In a letter to the contracting officer dated August 23, 1954, Evans had forwarded a cost breakdown and stated its willingness to accept a contract for the set-aside quantity of fire bombs at the Aircraftsmen's price of $73.98 subject to an increase of $2.056 if Aircraftsmen's claim to GAO were successful. The contracting officer forwarded the letter to MATCOM where the matter was under review.
At this point, a change in the delivery schedule set forth in the non-set-aside contract (8,000 bombs per month) was imported into the correspondence. Under instructions from MATCOM, the contracting officer on August 26 inquired of Evans whether the same "terms and conditions" contained in its letter of August 23 would apply to a production rate of 3,000 bombs per month. Evans replied on September 1:
We are pleased to advise you that the terms and conditions contained in our letter of August 23, 1954, are applicable to a production rate of three thousand (3,000) bombs per month with deliveries to begin in April or May, 1955, as well as to the production rate originally specified.
On October 12, 1954, MATCOM instructed the Procurement District to continue negotiations with Evans for the set-aside quantity and to expedite those negotiations to the point of signing a formal contract. Three days later the contracting officer wrote Evans that he had been "authorized to re-enter into negotiations * * * under the terms of the labor surplus provisions of this bid, at an optimum production rate of 3,000 bombs per month, the deliveries commencing May 1955." He asked for Evans' cost breakdowns and other relevant data with a view to scheduling a preliminary conference.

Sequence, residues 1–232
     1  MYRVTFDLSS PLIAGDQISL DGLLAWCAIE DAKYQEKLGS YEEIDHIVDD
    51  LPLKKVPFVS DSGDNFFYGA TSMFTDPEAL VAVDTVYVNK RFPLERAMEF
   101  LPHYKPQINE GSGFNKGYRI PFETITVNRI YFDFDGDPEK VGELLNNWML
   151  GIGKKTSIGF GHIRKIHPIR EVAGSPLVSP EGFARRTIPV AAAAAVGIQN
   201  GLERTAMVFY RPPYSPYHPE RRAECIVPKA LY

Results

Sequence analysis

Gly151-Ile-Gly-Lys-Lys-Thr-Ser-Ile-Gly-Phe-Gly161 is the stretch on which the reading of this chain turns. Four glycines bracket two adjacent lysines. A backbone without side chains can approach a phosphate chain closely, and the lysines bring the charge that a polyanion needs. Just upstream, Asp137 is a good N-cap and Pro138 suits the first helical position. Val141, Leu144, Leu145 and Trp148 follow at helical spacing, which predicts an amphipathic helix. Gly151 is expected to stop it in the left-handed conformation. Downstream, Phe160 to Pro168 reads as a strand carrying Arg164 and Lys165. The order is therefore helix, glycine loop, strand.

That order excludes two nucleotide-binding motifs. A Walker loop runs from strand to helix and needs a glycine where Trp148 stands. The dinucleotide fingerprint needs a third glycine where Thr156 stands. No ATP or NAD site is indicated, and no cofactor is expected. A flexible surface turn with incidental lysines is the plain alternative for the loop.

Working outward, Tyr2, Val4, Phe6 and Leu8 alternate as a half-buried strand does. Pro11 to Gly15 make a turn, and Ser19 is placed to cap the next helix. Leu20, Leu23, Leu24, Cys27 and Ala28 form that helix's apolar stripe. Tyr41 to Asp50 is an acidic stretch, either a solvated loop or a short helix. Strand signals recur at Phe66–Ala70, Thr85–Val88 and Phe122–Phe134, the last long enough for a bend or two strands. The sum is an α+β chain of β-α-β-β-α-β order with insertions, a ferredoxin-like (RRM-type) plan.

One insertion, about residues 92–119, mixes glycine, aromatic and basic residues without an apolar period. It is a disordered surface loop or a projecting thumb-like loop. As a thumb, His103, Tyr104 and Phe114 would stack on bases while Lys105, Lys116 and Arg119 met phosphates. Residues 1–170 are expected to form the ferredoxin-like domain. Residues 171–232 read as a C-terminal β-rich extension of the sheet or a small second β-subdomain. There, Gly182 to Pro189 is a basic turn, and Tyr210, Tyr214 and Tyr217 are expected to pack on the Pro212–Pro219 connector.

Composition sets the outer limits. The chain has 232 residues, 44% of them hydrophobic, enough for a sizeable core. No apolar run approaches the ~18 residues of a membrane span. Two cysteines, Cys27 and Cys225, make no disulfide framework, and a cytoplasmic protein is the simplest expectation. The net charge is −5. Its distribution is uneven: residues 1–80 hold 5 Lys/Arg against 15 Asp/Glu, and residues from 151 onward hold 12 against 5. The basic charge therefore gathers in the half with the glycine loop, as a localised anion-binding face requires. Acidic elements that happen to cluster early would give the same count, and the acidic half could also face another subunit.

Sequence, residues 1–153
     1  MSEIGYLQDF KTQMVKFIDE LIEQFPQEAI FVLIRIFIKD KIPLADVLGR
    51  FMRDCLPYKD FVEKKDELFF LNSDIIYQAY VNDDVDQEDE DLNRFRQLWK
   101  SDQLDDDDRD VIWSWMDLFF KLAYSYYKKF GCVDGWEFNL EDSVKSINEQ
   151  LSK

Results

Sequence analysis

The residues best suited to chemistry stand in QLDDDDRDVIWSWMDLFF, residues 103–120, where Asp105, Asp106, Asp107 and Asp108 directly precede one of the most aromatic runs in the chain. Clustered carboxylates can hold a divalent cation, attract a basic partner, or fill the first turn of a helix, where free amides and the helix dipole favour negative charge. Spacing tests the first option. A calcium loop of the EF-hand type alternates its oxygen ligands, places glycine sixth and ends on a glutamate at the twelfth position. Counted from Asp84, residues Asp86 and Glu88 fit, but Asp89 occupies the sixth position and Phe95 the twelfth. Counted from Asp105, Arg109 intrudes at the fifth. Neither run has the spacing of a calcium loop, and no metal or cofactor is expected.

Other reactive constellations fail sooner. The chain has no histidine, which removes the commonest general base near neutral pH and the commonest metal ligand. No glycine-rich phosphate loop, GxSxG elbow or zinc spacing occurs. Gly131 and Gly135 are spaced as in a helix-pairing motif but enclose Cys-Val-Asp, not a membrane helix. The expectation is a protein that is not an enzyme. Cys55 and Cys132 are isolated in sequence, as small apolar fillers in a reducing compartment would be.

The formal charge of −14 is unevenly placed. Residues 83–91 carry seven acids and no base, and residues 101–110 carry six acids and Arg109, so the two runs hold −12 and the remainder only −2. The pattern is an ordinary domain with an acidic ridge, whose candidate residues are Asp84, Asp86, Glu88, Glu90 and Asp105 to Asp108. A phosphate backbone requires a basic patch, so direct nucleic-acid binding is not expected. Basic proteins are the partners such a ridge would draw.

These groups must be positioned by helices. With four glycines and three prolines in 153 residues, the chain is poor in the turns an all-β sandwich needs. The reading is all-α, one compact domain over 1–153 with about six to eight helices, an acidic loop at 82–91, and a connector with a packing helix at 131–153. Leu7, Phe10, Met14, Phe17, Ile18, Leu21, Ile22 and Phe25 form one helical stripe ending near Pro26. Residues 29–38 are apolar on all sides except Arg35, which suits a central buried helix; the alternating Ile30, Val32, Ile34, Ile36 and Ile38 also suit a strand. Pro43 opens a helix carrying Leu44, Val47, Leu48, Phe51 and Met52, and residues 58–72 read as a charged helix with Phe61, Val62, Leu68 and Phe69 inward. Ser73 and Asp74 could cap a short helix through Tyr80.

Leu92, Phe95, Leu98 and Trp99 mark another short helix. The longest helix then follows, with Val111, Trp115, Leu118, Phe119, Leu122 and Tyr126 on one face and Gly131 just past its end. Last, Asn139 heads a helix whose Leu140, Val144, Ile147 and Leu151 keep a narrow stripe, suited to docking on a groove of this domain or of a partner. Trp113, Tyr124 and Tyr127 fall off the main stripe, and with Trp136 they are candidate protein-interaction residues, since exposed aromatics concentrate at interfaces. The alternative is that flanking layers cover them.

A series of negotiation conferences followed, commencing with a first conference on October 26, 1954. By this time the Evans' official who had conducted previous negotiations with the Government had retired. His son, James J. Strnad, who was president of Lempco and vice president of Evans, took charge of negotiations in behalf of Evans. At the outset of the resumed negotiations the parties agreed, inter alia, that the first order of business was to arrive at a consensus, if possible, as to the terms of the basic contract. If agreement could be reached on the basic contract, then the parties agreed to negotiate the terms of a supplemental agreement covering numerous changes which had been made to the original fire bomb specifications.
Throughout the entire negotiations, the contracting officer consistently maintained that, under the applicable regulations governing set-aside procurements, he was not at liberty to consider any unit price for the basic contract in excess of Aircraftsmen's contract price, namely, $76.036 F.O.B. origin. Mr. Strnad vigorously contended, however, that Aircraftsmen's contract price was no longer apogean because of the fact that the Government had now reduced the production rate of 8,000 per month in Aircraftsmen's contract to 3,000 per month for the set-aside procurement. When confronted with Evans' letter of September 1, 1954, quoted in pertinent part above, he argued that in generally accepted business terminology the phrase "terms and conditions" as used in that letter did not include price. In his view, it was contrary to the spirit of the set-aside regulations for the Government to set a lower production rate than that contained in Aircraftsmen's contract without making an upward adjustment in the price so as to compensate Evans for its longer exposure to possible increases in material prices. Nonetheless, he stated that if the conditions imposed by the Government were mandatory and not susceptible to revision, Evans would accept them in the interest of providing work for the persons in its critically distressed labor area. He urged, however, that in all fairness to Evans the Government should either allow an increase in the $76.036 price or consent to the inclusion in the contract of an escalation clause on material prices, particularly aluminum prices. By letter dated November 18, 1954, the contracting officer rejected Strnad's requests in the following language:
That the maximum unit price for which the basic contract can be awarded cannot exceed $76.036 each;